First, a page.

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Kphelps56

Good house - bad neighborhood?

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Kphelps56    0

What does everyone think of those new developments going up in traditionally bad neighborhoods? I.e. North of downtown and off navigation. My husband and I are looking for our first home and have found that we can't afford the young areas we want like the Heights, Midtown, and and Montrose.

However, these new, cheap, neighborhoods still in the loop are bright and shiny but surrounded by "sketchy" areas. Is it a risky investment?? We really want to start renting out the house when we can afford a nicer one.

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JLWM8609    464

What does everyone think of those new developments going up in traditionally bad neighborhoods? I.e. North of downtown and off navigation. My husband and I are looking for our first home and have found that we can't afford the young areas we want like the Heights, Midtown, and and Montrose.

However, these new, cheap, neighborhoods still in the loop are bright and shiny but surrounded by "sketchy" areas. Is it a risky investment?? We really want to start renting out the house when we can afford a nicer one.

 

 

Those areas in "traditionally bad neighborhoods" are probably not as bad as you think they are. The Heights, Midtown, and Montrose aren't immune to crime. You can get assaulted, robbed, and have your home invaded in just about any neighborhood in town. People get a false sense of security when they live in so called non sketchy areas like the areas you listed. When crime hits their neighborhood, you'll often see residents get on TV and say "That never happens here." Well, it does. You have to be cautious wherever you live.  

Edited by JLWM8609
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largeTEXAS    272

I'm a big fan of the neighborhoods along Navigation and just north of downtown. Both are largely Mexican-American, have some great older Victorian-era homes, and have a family/neighborly vibe that seems lost in most neighborhoods in Houston. Also, there are very active management districts in each working to make the areas more walkable, bikable, and, overall, more attractive. I'm re-building an old house just north of downtown right now. I was priced out of most of the Heights, but have found the Near Northside to be better than I expected. To the point that I now prefer it to the Heights in a lot of ways. It's a little like East Austin was back before it was gentrified. A little gritty, but also sort of charming. Surrounding my house are 3 abandoned houses and one that's half-burned. But, my neighbors are fantastic and I can be downtown in just a few minutes. As people get priced out of the Heights and Montrose, these two neighborhoods are likely to see a lot of investment.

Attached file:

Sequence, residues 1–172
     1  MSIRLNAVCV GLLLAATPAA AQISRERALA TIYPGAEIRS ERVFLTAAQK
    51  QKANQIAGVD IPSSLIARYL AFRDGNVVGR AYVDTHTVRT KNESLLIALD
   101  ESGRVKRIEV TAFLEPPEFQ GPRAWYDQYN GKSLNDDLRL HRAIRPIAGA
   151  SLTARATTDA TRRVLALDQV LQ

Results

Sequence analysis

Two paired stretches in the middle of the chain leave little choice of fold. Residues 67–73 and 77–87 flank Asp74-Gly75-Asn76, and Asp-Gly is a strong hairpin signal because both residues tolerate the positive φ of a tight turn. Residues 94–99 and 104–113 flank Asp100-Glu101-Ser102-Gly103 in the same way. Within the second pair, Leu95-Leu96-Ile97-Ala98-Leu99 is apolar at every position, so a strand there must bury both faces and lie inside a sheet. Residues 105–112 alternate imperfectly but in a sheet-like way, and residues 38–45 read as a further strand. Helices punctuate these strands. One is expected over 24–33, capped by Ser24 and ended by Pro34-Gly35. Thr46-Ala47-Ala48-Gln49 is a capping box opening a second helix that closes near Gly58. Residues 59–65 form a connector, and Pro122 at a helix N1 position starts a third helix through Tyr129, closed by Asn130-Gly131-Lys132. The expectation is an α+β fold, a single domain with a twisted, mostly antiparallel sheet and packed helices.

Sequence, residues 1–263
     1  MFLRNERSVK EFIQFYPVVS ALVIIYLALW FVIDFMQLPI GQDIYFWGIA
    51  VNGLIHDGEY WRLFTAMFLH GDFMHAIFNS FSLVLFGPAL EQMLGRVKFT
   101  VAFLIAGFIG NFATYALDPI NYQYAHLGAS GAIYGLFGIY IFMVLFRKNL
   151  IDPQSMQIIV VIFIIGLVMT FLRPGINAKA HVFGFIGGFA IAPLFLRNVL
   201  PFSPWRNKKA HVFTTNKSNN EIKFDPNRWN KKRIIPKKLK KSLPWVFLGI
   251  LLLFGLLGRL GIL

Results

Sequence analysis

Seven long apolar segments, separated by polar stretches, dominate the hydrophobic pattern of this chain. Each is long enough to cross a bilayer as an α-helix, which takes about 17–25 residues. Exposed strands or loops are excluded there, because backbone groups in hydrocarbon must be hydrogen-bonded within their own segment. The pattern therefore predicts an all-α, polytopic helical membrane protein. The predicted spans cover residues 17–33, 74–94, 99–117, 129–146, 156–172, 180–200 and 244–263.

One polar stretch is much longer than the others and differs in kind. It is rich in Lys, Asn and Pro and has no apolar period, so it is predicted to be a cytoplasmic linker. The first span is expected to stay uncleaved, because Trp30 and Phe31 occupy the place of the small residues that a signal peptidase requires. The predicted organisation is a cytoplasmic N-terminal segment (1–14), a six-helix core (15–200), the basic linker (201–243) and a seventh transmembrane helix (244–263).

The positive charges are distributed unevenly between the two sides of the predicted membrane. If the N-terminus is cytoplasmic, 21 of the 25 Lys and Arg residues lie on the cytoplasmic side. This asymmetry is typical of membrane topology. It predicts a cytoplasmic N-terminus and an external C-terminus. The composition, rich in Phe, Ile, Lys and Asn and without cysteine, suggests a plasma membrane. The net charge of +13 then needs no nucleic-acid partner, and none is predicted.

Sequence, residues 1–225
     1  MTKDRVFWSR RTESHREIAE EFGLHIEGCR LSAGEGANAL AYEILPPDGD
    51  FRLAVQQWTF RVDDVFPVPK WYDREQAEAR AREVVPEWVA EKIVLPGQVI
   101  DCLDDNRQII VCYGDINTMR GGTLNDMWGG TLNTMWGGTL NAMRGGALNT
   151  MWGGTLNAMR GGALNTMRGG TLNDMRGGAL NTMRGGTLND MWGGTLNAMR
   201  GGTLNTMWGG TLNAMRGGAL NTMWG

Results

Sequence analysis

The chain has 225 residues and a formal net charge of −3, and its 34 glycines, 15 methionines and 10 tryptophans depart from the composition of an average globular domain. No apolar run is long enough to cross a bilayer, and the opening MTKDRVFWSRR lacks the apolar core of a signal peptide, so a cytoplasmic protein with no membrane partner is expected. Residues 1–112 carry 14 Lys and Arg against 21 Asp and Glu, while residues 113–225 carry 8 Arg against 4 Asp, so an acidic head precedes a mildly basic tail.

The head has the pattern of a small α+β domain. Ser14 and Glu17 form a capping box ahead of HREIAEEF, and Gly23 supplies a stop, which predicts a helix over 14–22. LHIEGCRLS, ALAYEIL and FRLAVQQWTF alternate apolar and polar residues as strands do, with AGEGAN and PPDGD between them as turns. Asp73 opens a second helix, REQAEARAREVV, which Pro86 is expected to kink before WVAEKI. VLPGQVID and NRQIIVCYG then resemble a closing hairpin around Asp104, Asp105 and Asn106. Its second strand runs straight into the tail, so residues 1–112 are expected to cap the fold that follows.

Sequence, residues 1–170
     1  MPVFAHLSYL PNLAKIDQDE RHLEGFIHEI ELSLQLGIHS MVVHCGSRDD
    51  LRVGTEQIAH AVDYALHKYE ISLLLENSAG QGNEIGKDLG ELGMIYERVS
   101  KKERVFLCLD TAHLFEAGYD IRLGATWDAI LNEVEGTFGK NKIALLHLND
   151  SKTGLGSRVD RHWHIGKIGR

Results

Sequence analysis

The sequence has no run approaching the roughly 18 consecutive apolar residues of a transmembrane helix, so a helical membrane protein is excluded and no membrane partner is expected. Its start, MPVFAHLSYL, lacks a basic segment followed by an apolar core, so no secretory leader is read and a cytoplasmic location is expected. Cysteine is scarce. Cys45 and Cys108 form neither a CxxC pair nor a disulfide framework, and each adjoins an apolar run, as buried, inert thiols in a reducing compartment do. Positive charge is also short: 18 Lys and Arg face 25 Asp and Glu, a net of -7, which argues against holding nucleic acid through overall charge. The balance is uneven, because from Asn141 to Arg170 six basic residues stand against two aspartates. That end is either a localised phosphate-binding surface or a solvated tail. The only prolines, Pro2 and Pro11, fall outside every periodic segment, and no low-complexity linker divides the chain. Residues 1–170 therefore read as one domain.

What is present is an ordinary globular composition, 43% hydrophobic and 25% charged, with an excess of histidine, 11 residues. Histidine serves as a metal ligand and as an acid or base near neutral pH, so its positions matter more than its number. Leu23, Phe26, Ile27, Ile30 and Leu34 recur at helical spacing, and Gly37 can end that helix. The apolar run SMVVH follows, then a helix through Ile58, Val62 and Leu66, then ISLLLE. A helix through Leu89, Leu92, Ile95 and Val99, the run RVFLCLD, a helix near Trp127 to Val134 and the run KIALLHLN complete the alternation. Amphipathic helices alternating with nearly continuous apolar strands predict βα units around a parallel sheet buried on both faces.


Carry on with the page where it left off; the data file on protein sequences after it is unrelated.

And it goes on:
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Tower26    14

Never take anything lightly. Anything can happen . Always be alert and make sure you have insurance . Safeguard your house .

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Montrose1100    2643

What does everyone think of those new developments going up in traditionally bad neighborhoods? I.e. North of downtown and off navigation. My husband and I are looking for our first home and have found that we can't afford the young areas we want like the Heights, Midtown, and and Montrose.

However, these new, cheap, neighborhoods still in the loop are bright and shiny but surrounded by "sketchy" areas. Is it a risky investment?? We really want to start renting out the house when we can afford a nicer one.

The area around Mason Park has some great foliage. When you cross the bayou it doesn't even feel like you're in the loop, let alone Houston.

 

The only concern I have about potentially buying in the area is flooding. I'd prefer to buy as close to the light rail and 59 (without hearing the noise), as possible. I watch HAR and Realty.com like a hawk and it seems like a few of the newer builds have gone down a little in price. There are also a lot of lots available. 

 

I think it would be a great investment as the area is going to change as much as the west end has changed. Slowly but surely. The potholes are pretty bad in most of the area, but where are they not bad in this city? I would personally not want to buy too close to the bayou (flooding), or 610 (smell & pollution).

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brian0123    360

I'd be less concerned about a neighborhood and more about renting it out in the future. If that's your thought going in, and it's in a townhouse community, there's a decent chance others are thinking the same. Ten years down the road (once maintenance is needed) and you have a lot of rental owners and an HOA that doesn't cover painting, roofs, etc... you could be in for a major headache. That's why I sold my TH in Midtown when we upgraded in the loop. The neighborhood was transitional (no biggie), but there were too many rentals around and some were starting to deteriorate.

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NenaE    116

The area around Mason Park has some great foliage. When you cross the bayou it doesn't even feel like you're in the loop, let alone Houston.

 

 

 

 

 

 

That area does have some beautiful mature trees, much like the nearby golf course land. It's easily recognized on the area's aerial maps.

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